Ma whero ma pango ka oti ai te mahi
With red and black the work will be completed
Our belief is that there is an opportunity in being identified as a technology company from New Zealand. There is an individual benefit, and in the long run there’s a collective benefit to be gained. It’s not enough to say ‘we’re innovative’, or ‘our products speak for themselves’. It is table stakes that any tech company is innovative, and that you have products to sell. The unfair advantage you can bring to the table is the power of a collective story.
International studies and benchmarks confirm that New Zealand has a justified reputation with some very positive national attributes. Hardly a week goes by when the newspapers aren’t reporting we are number one in the world for anti-corruption, number one for ease of doing business, number four for attractiveness for investment, with a simple tax system, a transparent and non-corrupt government sector, topping the indices for innovation and a steady economic path … the accolades accumulate. Perhaps not as obviously or dramatically as a release of a new Hobbit movie, or the latest 100% Pure New Zealand campaign highlighting our scenery; but slowly and surely over the past 10–20 years, with the same accretive impact, our reputation has emerged as a first-world nation that is taken seriously as a player in the international business scene. This is true in the food sector, particularly in dairying and primary produce, and it’s a growing dimension of competitiveness in the manufacturing and creative sectors. It’s a reputation that can have a positive impact broadly in the technology sector, too, if we collectively work on it.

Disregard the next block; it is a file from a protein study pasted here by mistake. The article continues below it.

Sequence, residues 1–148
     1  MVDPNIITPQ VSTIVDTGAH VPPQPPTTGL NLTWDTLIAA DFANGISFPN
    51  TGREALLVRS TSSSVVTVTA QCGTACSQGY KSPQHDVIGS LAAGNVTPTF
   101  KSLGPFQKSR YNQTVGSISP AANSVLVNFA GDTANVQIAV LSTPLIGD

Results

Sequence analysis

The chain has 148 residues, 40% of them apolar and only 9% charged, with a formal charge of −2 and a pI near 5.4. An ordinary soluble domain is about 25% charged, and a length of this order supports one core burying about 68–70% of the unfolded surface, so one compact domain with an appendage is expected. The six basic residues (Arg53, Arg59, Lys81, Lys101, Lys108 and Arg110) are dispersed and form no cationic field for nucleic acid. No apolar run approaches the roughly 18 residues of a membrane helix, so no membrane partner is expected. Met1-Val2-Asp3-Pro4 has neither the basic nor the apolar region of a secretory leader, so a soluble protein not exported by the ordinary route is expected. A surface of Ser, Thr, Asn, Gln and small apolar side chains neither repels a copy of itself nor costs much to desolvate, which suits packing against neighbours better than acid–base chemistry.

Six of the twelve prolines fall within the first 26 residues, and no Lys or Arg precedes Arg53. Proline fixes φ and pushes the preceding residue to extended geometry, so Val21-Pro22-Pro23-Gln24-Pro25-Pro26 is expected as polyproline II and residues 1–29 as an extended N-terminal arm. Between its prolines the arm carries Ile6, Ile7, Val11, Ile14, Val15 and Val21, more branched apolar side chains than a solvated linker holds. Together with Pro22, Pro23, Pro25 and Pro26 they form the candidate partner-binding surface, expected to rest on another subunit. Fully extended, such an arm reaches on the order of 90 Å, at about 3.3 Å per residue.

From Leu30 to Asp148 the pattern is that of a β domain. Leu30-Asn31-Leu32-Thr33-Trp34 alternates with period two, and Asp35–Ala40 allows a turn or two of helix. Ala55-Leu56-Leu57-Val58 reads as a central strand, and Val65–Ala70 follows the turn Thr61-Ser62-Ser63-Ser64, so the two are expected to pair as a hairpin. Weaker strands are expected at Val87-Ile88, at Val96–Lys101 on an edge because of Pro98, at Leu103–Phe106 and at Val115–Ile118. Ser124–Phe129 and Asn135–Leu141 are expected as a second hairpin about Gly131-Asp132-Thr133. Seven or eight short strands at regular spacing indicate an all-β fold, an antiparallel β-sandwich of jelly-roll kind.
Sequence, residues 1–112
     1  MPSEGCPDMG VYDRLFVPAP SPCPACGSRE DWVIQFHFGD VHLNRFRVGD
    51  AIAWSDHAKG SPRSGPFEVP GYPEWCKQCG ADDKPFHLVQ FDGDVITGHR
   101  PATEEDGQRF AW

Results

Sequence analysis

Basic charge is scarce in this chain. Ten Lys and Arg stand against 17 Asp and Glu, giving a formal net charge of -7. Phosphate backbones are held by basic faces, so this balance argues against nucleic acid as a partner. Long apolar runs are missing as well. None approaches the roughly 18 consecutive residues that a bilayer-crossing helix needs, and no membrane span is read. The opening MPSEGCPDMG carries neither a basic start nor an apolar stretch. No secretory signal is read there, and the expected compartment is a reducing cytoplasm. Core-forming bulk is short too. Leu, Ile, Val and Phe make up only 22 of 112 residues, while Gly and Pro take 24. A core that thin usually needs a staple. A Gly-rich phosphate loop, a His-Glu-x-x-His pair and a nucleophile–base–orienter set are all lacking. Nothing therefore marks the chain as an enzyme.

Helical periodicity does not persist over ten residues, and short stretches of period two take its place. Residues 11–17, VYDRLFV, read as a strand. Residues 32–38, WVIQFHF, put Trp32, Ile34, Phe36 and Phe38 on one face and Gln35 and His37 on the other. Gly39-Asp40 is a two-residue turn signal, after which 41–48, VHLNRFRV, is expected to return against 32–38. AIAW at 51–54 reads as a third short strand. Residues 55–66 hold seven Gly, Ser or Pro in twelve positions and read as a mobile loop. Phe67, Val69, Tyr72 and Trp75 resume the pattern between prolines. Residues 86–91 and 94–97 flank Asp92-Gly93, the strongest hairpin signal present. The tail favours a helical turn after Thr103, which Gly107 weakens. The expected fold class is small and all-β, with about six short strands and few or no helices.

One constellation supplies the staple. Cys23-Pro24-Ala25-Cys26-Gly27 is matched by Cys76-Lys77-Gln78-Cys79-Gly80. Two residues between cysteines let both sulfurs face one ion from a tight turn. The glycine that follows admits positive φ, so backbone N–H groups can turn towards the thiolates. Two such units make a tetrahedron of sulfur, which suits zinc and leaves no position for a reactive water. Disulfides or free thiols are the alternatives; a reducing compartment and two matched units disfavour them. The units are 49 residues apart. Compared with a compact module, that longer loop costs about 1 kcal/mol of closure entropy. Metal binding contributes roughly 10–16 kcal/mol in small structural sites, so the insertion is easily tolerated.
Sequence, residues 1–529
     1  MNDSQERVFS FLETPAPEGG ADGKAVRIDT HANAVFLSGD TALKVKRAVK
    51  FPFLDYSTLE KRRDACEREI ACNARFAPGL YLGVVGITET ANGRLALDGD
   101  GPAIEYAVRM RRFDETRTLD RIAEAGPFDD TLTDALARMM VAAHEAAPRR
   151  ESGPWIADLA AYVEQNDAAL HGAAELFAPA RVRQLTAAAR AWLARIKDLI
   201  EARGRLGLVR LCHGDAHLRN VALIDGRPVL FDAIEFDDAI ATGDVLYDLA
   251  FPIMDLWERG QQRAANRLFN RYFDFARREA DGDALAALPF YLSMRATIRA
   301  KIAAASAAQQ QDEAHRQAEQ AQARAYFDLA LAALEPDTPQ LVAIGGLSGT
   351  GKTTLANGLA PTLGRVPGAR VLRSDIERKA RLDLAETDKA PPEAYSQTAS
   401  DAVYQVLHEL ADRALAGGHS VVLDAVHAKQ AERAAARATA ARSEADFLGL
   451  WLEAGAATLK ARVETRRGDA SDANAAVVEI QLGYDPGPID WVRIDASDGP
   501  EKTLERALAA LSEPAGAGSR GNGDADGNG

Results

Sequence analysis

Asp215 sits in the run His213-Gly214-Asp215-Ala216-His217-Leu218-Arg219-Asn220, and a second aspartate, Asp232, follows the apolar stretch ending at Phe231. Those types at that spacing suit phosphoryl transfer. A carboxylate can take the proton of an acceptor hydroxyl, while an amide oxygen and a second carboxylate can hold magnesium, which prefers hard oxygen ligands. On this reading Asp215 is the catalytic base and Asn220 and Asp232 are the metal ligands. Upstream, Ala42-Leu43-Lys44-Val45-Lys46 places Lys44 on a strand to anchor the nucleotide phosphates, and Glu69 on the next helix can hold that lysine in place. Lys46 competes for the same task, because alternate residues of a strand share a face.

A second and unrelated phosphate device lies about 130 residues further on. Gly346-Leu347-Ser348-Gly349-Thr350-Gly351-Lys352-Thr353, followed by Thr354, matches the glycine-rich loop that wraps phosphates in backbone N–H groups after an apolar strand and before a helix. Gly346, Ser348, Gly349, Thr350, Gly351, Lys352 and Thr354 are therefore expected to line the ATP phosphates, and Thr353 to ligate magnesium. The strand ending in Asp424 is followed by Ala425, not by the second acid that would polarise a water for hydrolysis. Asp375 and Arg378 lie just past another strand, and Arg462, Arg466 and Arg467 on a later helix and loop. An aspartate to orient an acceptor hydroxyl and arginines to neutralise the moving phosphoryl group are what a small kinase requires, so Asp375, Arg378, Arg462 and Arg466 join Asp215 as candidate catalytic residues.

Let’s take an international comparator – it seems illogical that Israel, ‘The Startup Nation’, should have such a global reputation for high-tech innovation. It’s counter-intuitive given Israel’s obvious challenges and constraints, but undeniably today it is seen as a hotbed of tech startups. There are a number of factors at play of course, and this is not a rallying cry to ‘be like Israel’. It’s simply meant to show that a country can change its image, through a mixture of intent and careful thought, underpinned by delivery against that reputation.
New Zealand is delivering on its reputation, but the reputation itself is now something that deserves more conscious thought. Pioneers of New Zealand technology have built a solid platform for the next generation to build on. We have a starting set of kōrero, of proof points, that justify our claims to be a technologically advanced and innovative nation. There is growing awareness of that reputation; there is a halo effect from other positive associations people make with New Zealand. We can now be bold and state with confidence, ‘I’m a technology company from New Zealand, a country that thinks differently, that innovates quickly, that uses its unique perspective on the world to solve problems in a different way.’
If we collectively do this in our messaging, our branding, our storytelling – and we continue to deliver high-quality products, services and ideas – the collective benefit over time will continue to grow, and we can claim the role of The Upstart Nation, with technology that has significant impact for the world.
Read part 1 here.
Read part 2 here.
Read part 3 here.
Read part 4 here.
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